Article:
React Projects

Create a Memory Game with React and JavaScript

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React is an easy to use JavaScript framework that lets us create front end apps.

In this article, we’ll look at how to create a memory game with React and JavaScript.

Create the Project

We can create the React project with Create React App.

To install it, we run:

npx create-react-app memory-game

with NPM to create our React project.

Create the Memory Game

To create the memory game, we write:

import React, { useEffect, useState } from "react";
import { v4 as uuidv4 } from "uuid";
const answerArr = [1, 1, 2, 2, 3, 3, 4, 4, 5, 5]
  .map((n) => {
    return {
      id: uuidv4(),
      open: false,
      value: n
  .sort(() => Math.random() - 0.5);

export default function App() {
  const [answer, setAnswer] = useState([...answerArr]);
  const [itemIds, setItemIds] = useState([]);

  const onClick = (id) => {
    if (!itemIds.includes(id)) {
      setItemIds((itemIds) => [...itemIds, id]);
    const index = answer.findIndex((a) => === id);
    setAnswer((answer) => {
      const ans = [...answer];
      ans[index].open = true;
      return ans;

  useEffect(() => {
    if (itemIds.length === 2) {
      const item1Index = answer.findIndex((a) => === itemIds[0]);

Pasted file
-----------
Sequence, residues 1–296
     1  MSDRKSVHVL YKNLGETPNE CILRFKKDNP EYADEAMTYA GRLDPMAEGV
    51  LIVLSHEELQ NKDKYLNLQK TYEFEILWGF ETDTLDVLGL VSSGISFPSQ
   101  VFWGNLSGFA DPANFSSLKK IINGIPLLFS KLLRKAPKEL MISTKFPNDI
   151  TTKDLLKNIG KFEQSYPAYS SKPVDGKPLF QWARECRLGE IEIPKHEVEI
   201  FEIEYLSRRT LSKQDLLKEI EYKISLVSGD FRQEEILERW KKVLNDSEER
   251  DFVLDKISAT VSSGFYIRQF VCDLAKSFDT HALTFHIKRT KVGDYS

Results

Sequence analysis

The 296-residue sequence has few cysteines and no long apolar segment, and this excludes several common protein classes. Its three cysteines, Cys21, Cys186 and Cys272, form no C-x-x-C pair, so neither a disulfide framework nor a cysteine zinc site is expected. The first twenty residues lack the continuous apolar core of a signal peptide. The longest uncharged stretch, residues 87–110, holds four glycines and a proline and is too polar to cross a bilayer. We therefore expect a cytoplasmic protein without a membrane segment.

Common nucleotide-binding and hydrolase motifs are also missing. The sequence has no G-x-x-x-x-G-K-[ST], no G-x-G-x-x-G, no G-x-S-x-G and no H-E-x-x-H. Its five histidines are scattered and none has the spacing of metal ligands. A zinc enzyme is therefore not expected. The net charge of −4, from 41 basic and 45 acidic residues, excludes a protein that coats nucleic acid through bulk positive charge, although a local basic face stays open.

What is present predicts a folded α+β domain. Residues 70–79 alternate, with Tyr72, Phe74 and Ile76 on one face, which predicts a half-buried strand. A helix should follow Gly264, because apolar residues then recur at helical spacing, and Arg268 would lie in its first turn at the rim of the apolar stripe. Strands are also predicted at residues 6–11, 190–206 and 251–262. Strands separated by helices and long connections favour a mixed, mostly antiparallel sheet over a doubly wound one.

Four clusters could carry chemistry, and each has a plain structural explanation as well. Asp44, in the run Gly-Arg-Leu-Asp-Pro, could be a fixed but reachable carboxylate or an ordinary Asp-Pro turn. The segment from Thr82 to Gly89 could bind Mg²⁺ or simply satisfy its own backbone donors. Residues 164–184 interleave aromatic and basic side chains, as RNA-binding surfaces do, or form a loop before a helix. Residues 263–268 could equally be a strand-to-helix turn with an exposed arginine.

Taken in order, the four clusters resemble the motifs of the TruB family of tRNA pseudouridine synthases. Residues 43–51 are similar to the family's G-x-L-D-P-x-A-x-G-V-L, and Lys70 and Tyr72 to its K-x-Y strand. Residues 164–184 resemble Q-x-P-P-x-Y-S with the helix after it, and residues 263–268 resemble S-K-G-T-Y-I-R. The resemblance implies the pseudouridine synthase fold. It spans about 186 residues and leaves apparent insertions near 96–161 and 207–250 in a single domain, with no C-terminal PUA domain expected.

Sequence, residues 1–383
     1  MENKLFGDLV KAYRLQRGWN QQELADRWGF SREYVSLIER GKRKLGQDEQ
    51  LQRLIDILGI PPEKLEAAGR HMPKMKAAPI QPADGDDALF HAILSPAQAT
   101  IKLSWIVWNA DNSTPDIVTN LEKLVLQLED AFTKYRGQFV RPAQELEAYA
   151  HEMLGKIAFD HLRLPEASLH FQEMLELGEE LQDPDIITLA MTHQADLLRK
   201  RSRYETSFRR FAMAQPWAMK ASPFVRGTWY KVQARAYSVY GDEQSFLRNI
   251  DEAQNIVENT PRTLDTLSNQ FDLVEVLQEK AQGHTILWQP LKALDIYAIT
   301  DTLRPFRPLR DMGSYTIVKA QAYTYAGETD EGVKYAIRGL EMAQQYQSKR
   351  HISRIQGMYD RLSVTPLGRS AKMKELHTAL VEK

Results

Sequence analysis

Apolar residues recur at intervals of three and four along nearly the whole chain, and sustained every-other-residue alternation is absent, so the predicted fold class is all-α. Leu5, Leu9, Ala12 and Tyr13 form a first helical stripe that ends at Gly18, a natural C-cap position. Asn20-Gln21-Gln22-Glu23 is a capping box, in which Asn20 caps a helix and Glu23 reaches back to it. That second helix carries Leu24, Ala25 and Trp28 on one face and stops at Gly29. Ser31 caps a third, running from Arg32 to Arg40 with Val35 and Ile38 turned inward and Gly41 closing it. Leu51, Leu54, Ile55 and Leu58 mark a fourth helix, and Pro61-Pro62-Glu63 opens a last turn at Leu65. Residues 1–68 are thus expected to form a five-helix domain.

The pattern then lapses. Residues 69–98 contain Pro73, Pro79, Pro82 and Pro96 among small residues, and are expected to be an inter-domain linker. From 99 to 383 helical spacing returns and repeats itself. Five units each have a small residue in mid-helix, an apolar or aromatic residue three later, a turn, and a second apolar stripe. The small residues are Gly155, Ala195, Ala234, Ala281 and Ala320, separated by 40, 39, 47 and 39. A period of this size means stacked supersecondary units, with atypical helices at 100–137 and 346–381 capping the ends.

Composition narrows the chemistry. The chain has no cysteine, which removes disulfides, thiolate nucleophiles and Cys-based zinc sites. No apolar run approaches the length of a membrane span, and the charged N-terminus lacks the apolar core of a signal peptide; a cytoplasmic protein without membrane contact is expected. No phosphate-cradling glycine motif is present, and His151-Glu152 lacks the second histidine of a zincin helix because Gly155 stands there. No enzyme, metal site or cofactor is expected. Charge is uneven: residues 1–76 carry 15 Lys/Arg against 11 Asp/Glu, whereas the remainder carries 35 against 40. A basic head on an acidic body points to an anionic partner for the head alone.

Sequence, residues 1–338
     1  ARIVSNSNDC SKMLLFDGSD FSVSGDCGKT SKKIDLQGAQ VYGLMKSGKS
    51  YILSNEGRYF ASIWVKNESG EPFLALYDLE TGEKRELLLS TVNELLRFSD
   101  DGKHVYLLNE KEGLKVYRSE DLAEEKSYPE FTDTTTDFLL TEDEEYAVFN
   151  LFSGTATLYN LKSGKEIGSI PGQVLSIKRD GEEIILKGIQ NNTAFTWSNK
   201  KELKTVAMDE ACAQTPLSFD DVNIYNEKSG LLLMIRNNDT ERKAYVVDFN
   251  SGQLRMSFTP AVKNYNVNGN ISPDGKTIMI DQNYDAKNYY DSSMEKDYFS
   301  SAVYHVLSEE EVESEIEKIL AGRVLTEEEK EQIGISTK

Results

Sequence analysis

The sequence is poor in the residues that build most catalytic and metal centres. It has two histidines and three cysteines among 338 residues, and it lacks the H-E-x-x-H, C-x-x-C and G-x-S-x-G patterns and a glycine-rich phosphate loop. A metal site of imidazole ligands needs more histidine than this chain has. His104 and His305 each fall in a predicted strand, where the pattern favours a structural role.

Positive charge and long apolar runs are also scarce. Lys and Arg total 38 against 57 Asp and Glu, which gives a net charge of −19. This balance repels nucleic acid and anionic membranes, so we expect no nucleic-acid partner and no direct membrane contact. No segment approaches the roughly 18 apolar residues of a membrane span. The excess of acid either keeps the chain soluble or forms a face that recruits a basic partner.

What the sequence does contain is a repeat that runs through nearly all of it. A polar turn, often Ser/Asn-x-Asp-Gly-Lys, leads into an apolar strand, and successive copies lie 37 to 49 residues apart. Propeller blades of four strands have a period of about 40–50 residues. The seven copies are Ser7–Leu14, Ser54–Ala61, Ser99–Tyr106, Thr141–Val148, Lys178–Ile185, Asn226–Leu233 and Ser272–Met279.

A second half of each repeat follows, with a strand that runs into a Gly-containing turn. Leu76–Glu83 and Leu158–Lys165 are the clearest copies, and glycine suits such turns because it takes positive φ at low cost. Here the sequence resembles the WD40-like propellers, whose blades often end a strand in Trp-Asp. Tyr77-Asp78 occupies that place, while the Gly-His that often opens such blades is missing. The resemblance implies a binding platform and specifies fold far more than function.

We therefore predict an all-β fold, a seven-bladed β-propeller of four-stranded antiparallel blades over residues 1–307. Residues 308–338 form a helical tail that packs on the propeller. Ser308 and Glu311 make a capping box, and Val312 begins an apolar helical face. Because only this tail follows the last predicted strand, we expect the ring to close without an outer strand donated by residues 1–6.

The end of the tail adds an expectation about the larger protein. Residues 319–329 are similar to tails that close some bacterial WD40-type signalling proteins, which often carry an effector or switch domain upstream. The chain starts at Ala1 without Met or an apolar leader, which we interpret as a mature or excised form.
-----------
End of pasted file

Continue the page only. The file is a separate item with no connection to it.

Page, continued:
const item2Index = answer.findIndex((a) => === itemIds[1]);
      if (answer[item1Index].value !== answer[item2Index].value) {
        setAnswer((answer) => {
          const ans = [...answer];
          ans[item1Index].open = false;
          ans[item2Index].open = false;
          return ans;
  }, [itemIds, answer]);

  useEffect(() => {
    if (itemIds.length === 2) {
  }, [itemIds]);

  return (
          .container {
            display: flex;

.tile {
            border: 1px solid black;
            width: 20vw;
            height: 50px;
      <div className="container">
        { => {
          return (
            <div key={} className="tile" onClick={() => onClick(}>
              { ? <div>{a.value}</div> : <div>&nbsp;</div>}

We have the answerArr array which is a random array of numbers.

It’s used to render the boxes which the player can open by clicking.

If 2 numbers match, then they stay open.

Otherwise, both are closed.

Then we define the answer state with the answers.

itemIds have the IDs of the answer card that are open.

There can be max of 2 that are opened.

Next, we define the onClick which checks if itemIds includes id .

If it doesn’t we add it to the itemIds array with setItemIds .

Then we call setAnswer to set the item in answer that should be opened’s open property to true .

Next, we have a useEffect callback to check if itemIds.length is 2.

If it is, then we call findIndex to get the indexes of the answer items that we clicked on.

If their value s don’t match, then we close them by setting the open property of both items to false .

We watch the itemIds and answer values to do the update accordingly.

And we have another useEffect hook to check if itemIds.length is 2 again, but this time, if it’s true , when we set itemIds to an empty array.

Next, we add the styles for the cards in the style tag.

Then we render the answers items into divs.

We show the value is is true .

Otherwise, we show an empty box.


We can create a memory game with React and JavaScript.

By John Au-Yeung

Web developer specializing in React, Vue, and front end development.

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